Brooks Township Latest To OK Medical Marijuana Businesses
By Ken DeLaat
A lengthy process that began nearly 6 months ago finally came to a deciding vote Tuesday night when the Brooks Township Board followed the recommendation of their Planning Commission on allowing medical marijuana businesses to operate in the township business district currently running along the east side of M-37 from M-82 to 96th street.
The vote went 5-1 with Township Treasurer Chris Haynor dissenting.
During the first public comment the board heard an impassioned plea from local resident Dianna DeGroot who described the role medical marijuana has had in improving her quality of life and referenced the need to improve access.
The board also heard from a long time medical marijuana caregiver who is part of a company getting involved in Med/Mar who expressed a desire to bring their businesses and jobs to Brooks Township.
Planning Commission Chair Ryan Schultz reported on their recent meeting when the ordinance was passed by a 5-1 margin.
During public comment at the February 26 meeting the Planning Commission heard from two separate companies interested in the possibility of doing business in Brooks, while Newaygo City Council members Mike Hikade and Eric Johnson each spoke in support of the measure and a resident also gave verbal support to the action. The commission also heard dissenting views from County Commissioner Vern Willett and another resident.
After getting the planning commission information the board continued with other reports then heard from Rick Johnson a former legislator from Osceola County who is the chair of the newly-formed 5 member Medical Marijuana Licensing Board appointed by Governor Rick Snyder.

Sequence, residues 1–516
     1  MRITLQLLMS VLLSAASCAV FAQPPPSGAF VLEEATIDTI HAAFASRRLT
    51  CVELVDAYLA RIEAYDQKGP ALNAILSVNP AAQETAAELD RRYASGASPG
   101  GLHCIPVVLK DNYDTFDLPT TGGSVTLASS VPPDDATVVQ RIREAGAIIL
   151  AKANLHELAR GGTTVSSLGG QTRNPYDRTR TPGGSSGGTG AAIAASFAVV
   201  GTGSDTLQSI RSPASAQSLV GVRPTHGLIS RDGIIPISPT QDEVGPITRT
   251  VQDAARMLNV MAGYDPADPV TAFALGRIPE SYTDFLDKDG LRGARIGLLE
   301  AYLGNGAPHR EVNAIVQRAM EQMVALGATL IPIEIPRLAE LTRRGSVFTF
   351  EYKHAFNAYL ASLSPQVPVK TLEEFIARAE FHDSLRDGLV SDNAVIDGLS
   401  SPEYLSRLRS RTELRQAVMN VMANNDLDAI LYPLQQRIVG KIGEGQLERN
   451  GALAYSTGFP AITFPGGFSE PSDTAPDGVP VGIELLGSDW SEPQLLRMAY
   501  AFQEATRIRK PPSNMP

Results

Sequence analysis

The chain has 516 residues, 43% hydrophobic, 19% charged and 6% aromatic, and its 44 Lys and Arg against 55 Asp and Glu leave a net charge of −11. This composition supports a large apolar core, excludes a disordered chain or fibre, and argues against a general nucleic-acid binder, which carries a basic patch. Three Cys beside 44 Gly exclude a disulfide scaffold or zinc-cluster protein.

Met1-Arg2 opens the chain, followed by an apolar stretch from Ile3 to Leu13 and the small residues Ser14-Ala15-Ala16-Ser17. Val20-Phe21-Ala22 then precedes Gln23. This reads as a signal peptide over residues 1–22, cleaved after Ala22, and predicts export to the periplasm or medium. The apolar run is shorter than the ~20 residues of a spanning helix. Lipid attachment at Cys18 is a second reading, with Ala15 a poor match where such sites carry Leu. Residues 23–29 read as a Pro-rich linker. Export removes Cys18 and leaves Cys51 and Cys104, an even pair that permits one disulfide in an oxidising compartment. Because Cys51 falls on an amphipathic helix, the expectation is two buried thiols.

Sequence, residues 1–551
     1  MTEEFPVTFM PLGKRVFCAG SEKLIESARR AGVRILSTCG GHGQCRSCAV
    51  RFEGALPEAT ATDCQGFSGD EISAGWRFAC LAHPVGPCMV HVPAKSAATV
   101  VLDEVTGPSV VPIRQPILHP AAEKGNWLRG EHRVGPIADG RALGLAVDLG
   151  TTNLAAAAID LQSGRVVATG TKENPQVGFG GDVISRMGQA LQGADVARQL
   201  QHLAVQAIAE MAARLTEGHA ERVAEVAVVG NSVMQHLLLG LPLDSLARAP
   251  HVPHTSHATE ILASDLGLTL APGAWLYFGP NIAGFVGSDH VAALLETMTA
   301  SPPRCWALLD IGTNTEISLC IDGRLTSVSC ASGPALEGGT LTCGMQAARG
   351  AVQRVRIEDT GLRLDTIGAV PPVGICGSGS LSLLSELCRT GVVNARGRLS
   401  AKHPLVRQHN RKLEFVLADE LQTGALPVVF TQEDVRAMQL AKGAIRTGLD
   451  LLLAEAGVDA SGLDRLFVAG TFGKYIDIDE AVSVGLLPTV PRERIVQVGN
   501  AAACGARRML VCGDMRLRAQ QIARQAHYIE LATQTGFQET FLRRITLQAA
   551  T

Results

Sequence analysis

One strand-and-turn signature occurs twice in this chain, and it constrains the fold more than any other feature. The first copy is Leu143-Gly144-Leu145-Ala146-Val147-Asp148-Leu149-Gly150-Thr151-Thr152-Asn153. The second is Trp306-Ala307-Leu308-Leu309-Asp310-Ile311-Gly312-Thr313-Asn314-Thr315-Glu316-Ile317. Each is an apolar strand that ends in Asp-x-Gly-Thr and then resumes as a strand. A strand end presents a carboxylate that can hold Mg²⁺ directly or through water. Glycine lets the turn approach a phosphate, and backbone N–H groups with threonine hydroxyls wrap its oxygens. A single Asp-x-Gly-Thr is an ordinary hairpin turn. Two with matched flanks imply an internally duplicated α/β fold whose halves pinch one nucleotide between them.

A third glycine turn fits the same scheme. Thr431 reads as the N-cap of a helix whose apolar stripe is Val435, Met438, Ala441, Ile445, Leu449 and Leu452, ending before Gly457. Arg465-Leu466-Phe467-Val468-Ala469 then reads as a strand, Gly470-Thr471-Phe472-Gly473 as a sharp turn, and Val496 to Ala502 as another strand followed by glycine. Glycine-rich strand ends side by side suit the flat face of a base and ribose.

Johnson described the role of the board in overseeing the newly directed businesses that have emerged since the new Med/Mar law went into effect last December. He emphasized the goal of the regulations are to provide product safety.
As to concerns about security, Johnson spoke to the licensing process stating that the first thing that must accompany an application is the approval of the local governing board.
“None of the businesses can happen unless you give them the green light,” he stated.
“Then they have to pass a background check and we need to make sure they can capitalize their business before we even consider an application. If a facility goes in we will have inspectors coming through We’ll have security cameras where we can watch what goes on inside.
“We’ve got a lot of things going that will make it safe for users and make it safe for the neighbors.”
Johnson also described the seed-to-sale tracking that will be put into place using barcodes to identify products.
With regard to what he described as rather rigorous background checks, Johnson stressed the need for applicants to be forthright on their applications.
“I will tell anyone applying you better tell us everything that’s ever happened to you. If you got a drunk driving as a high school senior and we find out about it it won’t look good. Not so much because of what happened but that you didn’t tell us.”
Johnson stated there are currently about 240,000 users of Med/Mar in the state and he estimates the number will grow to about 400,000 by the end of the year.
There have been bout 350-360 applicants for the new licenses thus far and he predicted about 50-60 more coming in soon.
“Michigan will be the second leading producer of Medical Marijuana behind California.”
The ordinance came up for discussion and Treasurer Haynor read a statement giving her reasons for opposing the measure, citing some doubt as to the promised wages and monies coming to the township, concerns over the proliferation of such businesses in the area and summed up by stating “I’m not against medical marijuana I just don’t feel Brooks Township is the best place for this kind of business.”
Trustees Schultz and Ken Page as well as Township Clerk Jennifer Badgerow and Supervisor Cory Nelson also discussed their reasons for supporting the ordinance, though Ms Badgero. stated she also shared some of Ms. Haynor’s concerns.
Following discussion the ordinance was passed.
Public comment followed with three potential Med/Mar businesses and Ms. DeGroot expressing appreciation to the board.
“For me it wasn’t a hard decision about passing the ordinance,” said Supervisor Nelson after the meeting. “it was a hard process.”
"I supported it because I feel this is what’s best for our community.This is about jobs and redevelopment.”